A Gloriously Uplifting Film Comedy That Recalls the Bonds Between Gays, Lesbians, and Labor in the Thatcher Era / Edina Cinema Screens “Pride”



Prime Minister Margaret Thatcher, nicknamed “The Iron Lady”, declared government forcefulness against striking UK miners in the mid-1980s. At the same time the AIDS epidemic had begun to spread hysteria and British gay men were stigmatized by millions.(Homosexuality was decriminalized in the UK only as recently as 1967.)

Thatcher’s Conservative Party, the Tories, and the woman herself, are on record for antigay vitriol that was in grotesque alignment with what Christian Right-wingers were promoting in the US during our Reagan era. Therefore, public hostility against two very disparate groups – the gay and lesbian community, much of which was still club- and subculture, and trade unionists- was visceral. Rupert Murdoch had already come to control and steer the UK tabloid and mainstream press and took joy in conflating all enemies of conservatism as monolithic and logically united, which of course, was a myth.

In Pride, Matthew Warchus’s uplifting gem of a film inspired by actual events, a small cadre of London gay and lesbian activists raise funds to support miners striking in a small Welsh town. Its glitter and gloss meets drudge and despair. They are welcomed by a handful of townies but met with hostility from most. The film is about the thawing of those relations.

Ben Schnetzer shines as Mark Ashton, the G & L activist (this was before the B and T had become part of the acronym) who spurs his group to action and won’t be intimidated by rural homophobia. He’s actually not antagonistic though he can be rather outrageous. He wisely understands that both groups have a common enemy that wields dubiously constitutional media power to damage both of them. He sees that being allies could benefit both unfairly marginalized groups.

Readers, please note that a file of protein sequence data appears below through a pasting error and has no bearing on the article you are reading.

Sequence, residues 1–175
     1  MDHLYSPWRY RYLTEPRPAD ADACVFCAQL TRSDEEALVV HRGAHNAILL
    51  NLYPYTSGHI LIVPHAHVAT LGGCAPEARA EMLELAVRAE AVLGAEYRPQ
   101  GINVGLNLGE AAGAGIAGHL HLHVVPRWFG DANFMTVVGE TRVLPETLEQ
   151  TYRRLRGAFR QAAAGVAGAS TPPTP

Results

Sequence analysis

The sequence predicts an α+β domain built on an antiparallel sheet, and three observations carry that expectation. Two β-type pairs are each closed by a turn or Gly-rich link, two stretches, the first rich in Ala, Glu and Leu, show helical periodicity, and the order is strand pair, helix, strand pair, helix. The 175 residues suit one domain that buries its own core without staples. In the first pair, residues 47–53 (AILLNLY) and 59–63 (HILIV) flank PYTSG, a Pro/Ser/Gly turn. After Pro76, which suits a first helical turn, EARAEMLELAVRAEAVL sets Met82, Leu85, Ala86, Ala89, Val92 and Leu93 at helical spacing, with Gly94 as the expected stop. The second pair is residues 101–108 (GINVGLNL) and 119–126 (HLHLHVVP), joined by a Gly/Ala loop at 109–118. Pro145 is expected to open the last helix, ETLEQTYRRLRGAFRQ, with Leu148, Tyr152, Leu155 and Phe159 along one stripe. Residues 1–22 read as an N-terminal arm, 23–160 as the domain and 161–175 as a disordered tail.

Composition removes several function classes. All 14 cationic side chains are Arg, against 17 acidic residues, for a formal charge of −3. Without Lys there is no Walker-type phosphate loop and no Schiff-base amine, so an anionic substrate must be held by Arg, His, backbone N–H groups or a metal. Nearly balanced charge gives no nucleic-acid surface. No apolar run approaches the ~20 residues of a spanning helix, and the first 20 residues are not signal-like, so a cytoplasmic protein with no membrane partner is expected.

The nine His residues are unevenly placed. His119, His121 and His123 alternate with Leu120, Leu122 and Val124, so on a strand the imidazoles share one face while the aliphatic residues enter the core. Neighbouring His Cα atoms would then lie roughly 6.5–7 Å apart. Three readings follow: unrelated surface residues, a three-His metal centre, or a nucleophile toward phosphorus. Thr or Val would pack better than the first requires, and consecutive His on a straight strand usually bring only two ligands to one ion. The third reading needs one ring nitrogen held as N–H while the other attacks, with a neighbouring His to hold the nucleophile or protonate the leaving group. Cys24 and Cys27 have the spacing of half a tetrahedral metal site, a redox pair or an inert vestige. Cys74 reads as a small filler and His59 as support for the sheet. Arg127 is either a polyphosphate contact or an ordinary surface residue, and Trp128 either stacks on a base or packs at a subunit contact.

Ashton died of AIDS soon after the Welsh experience and Schnetzer touchingly captures the essence of a man in his mid-twenties who seems to sense he is living on a limited amount of time. It brings to mind the maxim to “live every day like it’s your last.”

The 1980s are captured vividly and the melting of collective egos between gays and lesbians and rural straights are powerfully portrayed. You may get goosebumps. The younger straight guys realize that the gay guys can teach them how to dance so that they can attract females. The lesbians illuminate the need for women’s perspectives regarding labor. There’s also a moving sense of rural men and women who are not homophobic being protective and even nurturing toward the London gays and lesbians. A scene where the Welsh women storm a London leather club with joyous curiosity, as opposed to puritanical meanness, is priceless. The great Imelda Staunton (robbed of an Oscar for Vera Drake) is part of that group. It should also be noted that there are gay London characters in the film who don’t like trade unionists.

Assimilationist gays and lesbians may be unsettled by the end of this film but those who don’t put assimilation at the center of their gay universe, will likely find it to be just lovely. This is powerful comedy with a profound sense of humanity. It relates an important chapter of glbt history to boot.

Note: Pride, the film, is not to be confused with a very different gay-themed British stage play, the superb The Pride by Alexi Kay Campbell, which does not share the themes of the film reviewed here. The virtue of Warchus’s film is that it fully addresses both gay and labor issues thanks largely to Stephen Beresford’s sparkling script. Regrettably, the title plays up to a limited gay audience when this ought to be a major crossover picture. Opportunity lost.

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